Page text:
The hidden truth behind Gen Z’s insane TikTok bakeries

Kate Bowie takes a closer look at the extreme baked goods sold on TikTok and tries to explain why the bakeries are doing better than ever.

Imagine this: You’re 45 minutes into a 5 minute TikTok reward-break. Well and truly in zombie-mode, not engaged with the app but unwilling to tear your eyes away either. That is until your ForYou page offers up something too absurd to ignore. Emerging from colossal vats of melted chocolate and a sublime amount of crushed mini eggs, it’s a Frankenstein’s monster of baked goods. An erratic voiceover informs you it’s a ‘brookie’, half-brownie, half-cookie. Simultaneously awed and nauseated, you spend the next half hour scrolling through the creator’s similar crazed creations. The TikTok bakery black hole has got you.

Chanel's Cakery

Admittedly, internet-savvy bakeries been promoting their goods on social media for as long as it’s been around. But those currently blowing up on TikTok are something different all together. They specialise in fever-dreamt, outrageous baked goods – think Biscoff cookie dough topped with layers of Cadbury milk chocolate. Think Blondie bars sandwiched with Milky-Bar-marshmallow filling. Think ‘cookie pies’ – sweet pie cases filled with cookie dough.


Milkybar Doughnut 🤤😵 #bakersoftiktok #bakerylife #doughnut #whitechocolate #bakerytiktok #smallbusiness #doughnuttiktok

♬ Doja – Central Cee

It appears that, in 2022, the days of delicate mille-feuille and tiny macarons are long gone. Going by the numbers that over-the-top TikTok bakeries are racking up, those in the market for sweets want more than the subtle work of French patisseries. St Ive’s based George’s Bakery, current king of TikTok bakeries, boasts 5.2 million TikTok likes and a constantly sold out online shop. Other honourable mentions include Chanel’s Cakery and Elle’s bakery, with a respective 167k and 27k followers.


The pies 😍

♬ original sound – Chanel’s Cakery ltd

But how do these creations taste? Amelie, a 19-year-old student who purchased from Chanel’s Cakery, said that ‘They were so sweet and massive that I felt sick after a couple of bites. There’s just so many layers of sugar and chocolate and cookie dough and different Cadbury’s bars that made it way too sweet and way too much, even though it looked delicious’.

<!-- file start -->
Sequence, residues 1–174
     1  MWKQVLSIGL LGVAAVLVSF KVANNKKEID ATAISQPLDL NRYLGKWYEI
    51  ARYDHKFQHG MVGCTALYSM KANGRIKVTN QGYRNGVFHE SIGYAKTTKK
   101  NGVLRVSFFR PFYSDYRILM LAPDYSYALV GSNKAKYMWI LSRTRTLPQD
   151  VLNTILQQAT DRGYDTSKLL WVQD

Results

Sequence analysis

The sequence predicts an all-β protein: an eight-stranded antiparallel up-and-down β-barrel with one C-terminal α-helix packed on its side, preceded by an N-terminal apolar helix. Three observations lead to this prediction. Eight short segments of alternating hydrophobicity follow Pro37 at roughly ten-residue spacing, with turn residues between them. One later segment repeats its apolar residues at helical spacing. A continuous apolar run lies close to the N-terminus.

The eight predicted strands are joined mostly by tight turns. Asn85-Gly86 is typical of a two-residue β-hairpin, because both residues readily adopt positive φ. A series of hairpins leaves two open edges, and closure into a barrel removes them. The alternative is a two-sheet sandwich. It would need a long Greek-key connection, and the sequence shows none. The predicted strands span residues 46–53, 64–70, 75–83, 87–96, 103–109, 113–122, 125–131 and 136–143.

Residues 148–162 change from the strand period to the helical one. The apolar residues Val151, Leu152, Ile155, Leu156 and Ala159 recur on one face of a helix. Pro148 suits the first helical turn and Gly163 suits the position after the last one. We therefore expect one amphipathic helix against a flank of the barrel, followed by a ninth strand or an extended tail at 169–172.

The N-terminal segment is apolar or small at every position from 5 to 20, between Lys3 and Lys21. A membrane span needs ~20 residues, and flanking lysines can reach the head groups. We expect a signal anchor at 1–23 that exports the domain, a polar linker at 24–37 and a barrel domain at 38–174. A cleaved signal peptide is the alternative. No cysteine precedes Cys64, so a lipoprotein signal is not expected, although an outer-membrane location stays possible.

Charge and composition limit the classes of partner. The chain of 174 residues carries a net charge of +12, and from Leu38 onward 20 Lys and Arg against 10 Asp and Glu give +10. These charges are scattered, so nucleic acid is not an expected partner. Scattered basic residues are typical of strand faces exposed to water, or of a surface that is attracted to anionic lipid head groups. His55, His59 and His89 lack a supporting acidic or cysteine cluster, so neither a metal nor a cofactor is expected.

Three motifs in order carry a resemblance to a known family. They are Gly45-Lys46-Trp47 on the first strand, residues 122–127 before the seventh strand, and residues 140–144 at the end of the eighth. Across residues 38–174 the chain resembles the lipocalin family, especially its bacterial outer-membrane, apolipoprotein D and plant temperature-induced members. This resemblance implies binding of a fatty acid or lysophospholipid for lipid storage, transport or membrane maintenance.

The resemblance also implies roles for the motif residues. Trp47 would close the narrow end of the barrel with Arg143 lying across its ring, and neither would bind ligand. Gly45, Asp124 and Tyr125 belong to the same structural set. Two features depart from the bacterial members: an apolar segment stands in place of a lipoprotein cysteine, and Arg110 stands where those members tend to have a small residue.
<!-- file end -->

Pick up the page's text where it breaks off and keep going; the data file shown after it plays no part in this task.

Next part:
Tiktok user @eatdrinkandvibe gives a similar review, saying that products purchased from Georgie’s bakery tasted ‘like I was munching on sugar’. The thing is, these reviews don’t surprise me – I don’t even think they surprised the people who gave them. These products aren’t made to be delicious, they’re made to be an intriguingly visual spectacle.

Promotional photographs are taken cross-sections pointed up, with the desserts’ innumerable layers on full view. ‘How it’s made’ style videos are staples of these account, as showing the ridiculous qualities of ingredients needed for a batch emphasise the grotesque proportions. George’s Bakery even gives his products scatological names, calling them ‘bulges’ and ‘crevasses’, words designed to reflect their obscene density.


Well that escalated quickly #fyp #munchie #baking #foodporn #food #caramel #cookie

♬ Prelude in C Major (Bach) – Alternative Version – Ian Post

Gen Z is enthralled because, although these desserts would clearly be sickening to eat, they feed our eyes with taboo overabundance. Enormous cookie-pies and brookies break the dietary guidelines we were all taught as children. Our inner seven year old not only drools over the clips of dense layers of Biscoff, but they delight in the transgressive excess of the baked goods. In an online world without smell, taste or touch, TikTokers have discovered that hypnotically taboo visuals are the best marketing strategy.

It’s no surprise, then, that these questionable baked good are thriving on a platform that relies on creators grabbing minuscule attention spans within a few seconds. The internet’s answer to gastronomy, TikTok’s bakeries are simply filling the online gap left for them.

Words by Kate Bowie

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